FALL RIVER —
Bristol Superior Court Judge E. Susan Garsh said she did not believe the Channel 7 cameraman, Robert Cusanelli, meant to interfere with the jury and its deliberations in the murder trial of Hernandez, a former New England Patriots player.
But she said Cusanelli had violated a rule she had issued for media coverage of the high-profile case. The rule bans members of the press from having “contact’’ with jurors, a word that the Supreme Judicial Court has interpreted to include being physically near them.
“There was no intent by WHDH to undermine the court’s order or to undermine the deliberations of the court,’’ Garsh said, adding that she would allow WHDH-TV to still have representation at the trial — but not Cusanelli.
Hernandez, 25, has pleaded not guilty to murder and weapons charges in the June 2013 slaying of Odin L. Lloyd, 27, of Dorchester, whose bullet-riddled body was found in an industrial park near the athlete’s North Attleborough home. Garsh sent jurors home Thursday afternoon after they ended their second full day of deliberations without reaching a verdict.
Garsh said that two jurors reported Thursday morning that a person driving an SUV seemed to be watching them as they got into their vehicles after getting off the court-provided bus Wednesday and tried to follow them. One juror, Garsh said, made a U-turn and took a picture of the SUV’s license plate.
“This is an extraordinarily serious matter,” Garsh said from the bench.
Garsh questioned the jurors separately at sidebar, and both assured the judge that the incident would not affect their deliberations. Garsh allowed both jurors to remain on the panel.
But Garsh said she also wanted to hear from Cusanelli. The 16-year veteran cameraman briefly testified that he knew that the jurors were boarding a bus at the end of each day and were then driven to a parking lot away from the courthouse, where they parked their cars. He said that on Wednesday he spotted the bus leaving the courthouse and concluded it would give his station a potential competitive advantage if its managers knew where to send reporters to speak with jurors after a verdict is reached.
“I knew that they felt that was good information to have,” he said.
A lawyer for Channel 7 asked Cusanelli whether he planned to try to speak with jurors, and Cusanelli answered: “No. I know that’s forbidden.’’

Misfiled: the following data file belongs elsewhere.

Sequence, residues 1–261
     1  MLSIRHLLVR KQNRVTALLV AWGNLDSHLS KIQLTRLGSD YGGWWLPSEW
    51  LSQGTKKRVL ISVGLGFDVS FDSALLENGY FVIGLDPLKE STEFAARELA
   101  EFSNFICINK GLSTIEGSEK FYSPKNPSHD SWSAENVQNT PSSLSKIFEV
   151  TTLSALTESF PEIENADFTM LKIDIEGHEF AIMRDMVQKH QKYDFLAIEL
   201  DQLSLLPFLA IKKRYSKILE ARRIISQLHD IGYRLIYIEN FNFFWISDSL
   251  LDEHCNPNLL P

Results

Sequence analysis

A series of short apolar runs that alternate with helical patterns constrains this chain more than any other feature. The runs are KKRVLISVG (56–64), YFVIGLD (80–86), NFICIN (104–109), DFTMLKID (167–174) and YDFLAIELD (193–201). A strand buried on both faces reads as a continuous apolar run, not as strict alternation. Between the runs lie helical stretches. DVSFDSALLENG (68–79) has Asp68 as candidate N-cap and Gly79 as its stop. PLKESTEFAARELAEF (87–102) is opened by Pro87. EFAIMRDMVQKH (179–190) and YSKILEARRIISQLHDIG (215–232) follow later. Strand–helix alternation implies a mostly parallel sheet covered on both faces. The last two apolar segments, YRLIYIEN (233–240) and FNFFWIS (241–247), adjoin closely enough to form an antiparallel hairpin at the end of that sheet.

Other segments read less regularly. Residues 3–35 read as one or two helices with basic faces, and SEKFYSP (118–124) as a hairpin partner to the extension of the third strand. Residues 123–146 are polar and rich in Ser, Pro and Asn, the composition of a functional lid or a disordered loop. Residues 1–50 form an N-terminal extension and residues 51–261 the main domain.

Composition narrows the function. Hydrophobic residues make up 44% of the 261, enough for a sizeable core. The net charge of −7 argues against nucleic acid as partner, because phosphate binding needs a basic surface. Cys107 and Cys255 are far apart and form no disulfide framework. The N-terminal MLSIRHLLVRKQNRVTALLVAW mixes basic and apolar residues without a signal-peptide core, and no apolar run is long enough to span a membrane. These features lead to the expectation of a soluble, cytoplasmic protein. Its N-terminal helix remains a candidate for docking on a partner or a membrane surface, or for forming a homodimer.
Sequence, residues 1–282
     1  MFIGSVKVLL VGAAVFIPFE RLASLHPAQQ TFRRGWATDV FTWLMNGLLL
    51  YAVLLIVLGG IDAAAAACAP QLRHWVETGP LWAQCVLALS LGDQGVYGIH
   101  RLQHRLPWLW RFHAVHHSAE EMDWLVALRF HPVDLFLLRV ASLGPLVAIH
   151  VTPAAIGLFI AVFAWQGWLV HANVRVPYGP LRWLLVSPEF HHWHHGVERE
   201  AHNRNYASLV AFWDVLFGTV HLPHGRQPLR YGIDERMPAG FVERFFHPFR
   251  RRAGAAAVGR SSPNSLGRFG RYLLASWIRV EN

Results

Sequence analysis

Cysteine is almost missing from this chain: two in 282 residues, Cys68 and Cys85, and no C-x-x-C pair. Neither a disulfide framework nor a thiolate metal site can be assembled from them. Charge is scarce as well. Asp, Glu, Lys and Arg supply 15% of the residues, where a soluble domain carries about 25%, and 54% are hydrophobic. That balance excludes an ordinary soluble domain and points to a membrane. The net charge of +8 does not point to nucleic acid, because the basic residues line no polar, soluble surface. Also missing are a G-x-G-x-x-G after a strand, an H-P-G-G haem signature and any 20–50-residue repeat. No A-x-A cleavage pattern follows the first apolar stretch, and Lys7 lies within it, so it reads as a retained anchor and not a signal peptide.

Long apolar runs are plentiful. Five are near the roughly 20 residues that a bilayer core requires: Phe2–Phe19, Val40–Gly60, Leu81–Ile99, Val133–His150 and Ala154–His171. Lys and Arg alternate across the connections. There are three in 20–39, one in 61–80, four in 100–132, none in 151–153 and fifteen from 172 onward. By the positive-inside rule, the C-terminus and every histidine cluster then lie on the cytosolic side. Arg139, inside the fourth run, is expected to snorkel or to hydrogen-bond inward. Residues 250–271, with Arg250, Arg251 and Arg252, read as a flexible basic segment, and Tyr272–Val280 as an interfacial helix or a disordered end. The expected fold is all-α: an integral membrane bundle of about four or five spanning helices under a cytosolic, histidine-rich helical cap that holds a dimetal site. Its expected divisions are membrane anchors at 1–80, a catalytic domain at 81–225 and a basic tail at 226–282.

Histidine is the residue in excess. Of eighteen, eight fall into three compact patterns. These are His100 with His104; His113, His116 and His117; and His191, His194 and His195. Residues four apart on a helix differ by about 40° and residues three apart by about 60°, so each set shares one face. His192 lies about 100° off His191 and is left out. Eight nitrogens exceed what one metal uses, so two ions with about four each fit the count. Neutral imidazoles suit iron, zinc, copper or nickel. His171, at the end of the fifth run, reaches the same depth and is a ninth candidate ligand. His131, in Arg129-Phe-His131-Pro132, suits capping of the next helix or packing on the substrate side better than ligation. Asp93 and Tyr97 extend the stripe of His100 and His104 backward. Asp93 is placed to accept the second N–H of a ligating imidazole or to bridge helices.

Garsh said the cameraman had “intended to go to a location where the jurors would be,” and as a result the cameraman “cannot come into this building” until after the trial is over.
Garsh previously banned a Boston Globe videographer from covering the trial after the employee tried to take a still photo of the courtroom.
Garsh issued an order Thursday afternoon saying, “No person shall approach, follow, contact, harass, photograph, take down the license plate number of, attempt to influence, interfere with, communicate with, or tamper with a deliberating juror or alternate juror in this case.”
Jurors heard closing arguments in the high-profile case Tuesday and deliberated for a full day Wednesday. They are sifting through nine weeks of testimony from 135 witnesses and 439 exhibits.
In addition to the murder charge, Hernandez faces charges of unlawful possession of a firearm and unlawful possession of ammunition.
If jurors convict the once promising athlete of killing Lloyd, they can opt for first- or second-degree murder. A first-degree murder conviction carries a life sentence without the possibility of parole. Defendants convicted of second-degree murder become eligible for parole after 15 years.
John R. Ellement of the Globe Staff contributed to this report. Travis Andersen can be reached at firstname.lastname@example.org.
Correction: An earlier version of this story misidentified the channel number of WHDH-TV.